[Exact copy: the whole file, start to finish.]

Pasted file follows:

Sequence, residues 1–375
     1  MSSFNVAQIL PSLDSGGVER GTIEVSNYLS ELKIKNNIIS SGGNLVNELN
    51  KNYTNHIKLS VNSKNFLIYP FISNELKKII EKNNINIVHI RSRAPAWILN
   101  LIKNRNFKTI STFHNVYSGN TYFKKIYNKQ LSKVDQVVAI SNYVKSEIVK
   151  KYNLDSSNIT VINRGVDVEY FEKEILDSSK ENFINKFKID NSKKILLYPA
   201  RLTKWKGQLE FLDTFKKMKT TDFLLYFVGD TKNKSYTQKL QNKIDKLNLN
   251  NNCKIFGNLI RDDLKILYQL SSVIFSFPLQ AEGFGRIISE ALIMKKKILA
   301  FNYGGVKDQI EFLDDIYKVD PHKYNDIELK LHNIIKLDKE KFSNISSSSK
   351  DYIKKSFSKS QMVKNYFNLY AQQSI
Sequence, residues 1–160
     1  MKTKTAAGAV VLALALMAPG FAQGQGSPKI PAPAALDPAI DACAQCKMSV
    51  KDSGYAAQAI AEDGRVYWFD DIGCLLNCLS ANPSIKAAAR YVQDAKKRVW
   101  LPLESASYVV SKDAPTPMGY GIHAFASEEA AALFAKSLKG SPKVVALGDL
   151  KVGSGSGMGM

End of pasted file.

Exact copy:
Sequence, residues 1–375
     1  MSSFNVAQIL PSLDSGGVER GTIEVSNYLS ELKIKNNIIS SGGNLVNELN
    51  KNYTNHIKLS VNSKNFLIYP FISNELKKII EKNNINIVHI RSRAPAWILN
   101  LIKNRNFKTI STFHNVYSGN TYFKKIYNKQ LSKVDQVVAI SNYVKSEIVK
   151  KYNLDSSNIT VINRGVDVEY FEKEILDSSK ENFINKFKID NSKKILLYPA
   201  RLTKWKGQLE FLDTFKKMKT TDFLLYFVGD TKNKSYTQKL QNKIDKLNLN
   251  NNCKIFGNLI RDDLKILYQL SSVIFSFPLQ AEGFGRIISE ALIMKKKILA
   301  FNYGGVKDQI EFLDDIYKVD PHKYNDIELK LHNIIKLDKE KFSNISSSSK
   351  DYIKKSFSKS QMVKNYFNLY AQQSI
Sequence, residues 1–160
     1  MKTKTAAGAV VLALALMAPG FAQGQGSPKI PAPAALDPAI DACAQCKMSV
    51  KDSGYAAQAI AEDGRVYWFD DIGCLLNCLS ANPSIKAAAR YVQDAKKRVW
   101  LPLESASYVV SKDAPTPMGY GIHAFASEEA AALFAKSLKG SPKVVALGDL
   151  KVGSGSGMGM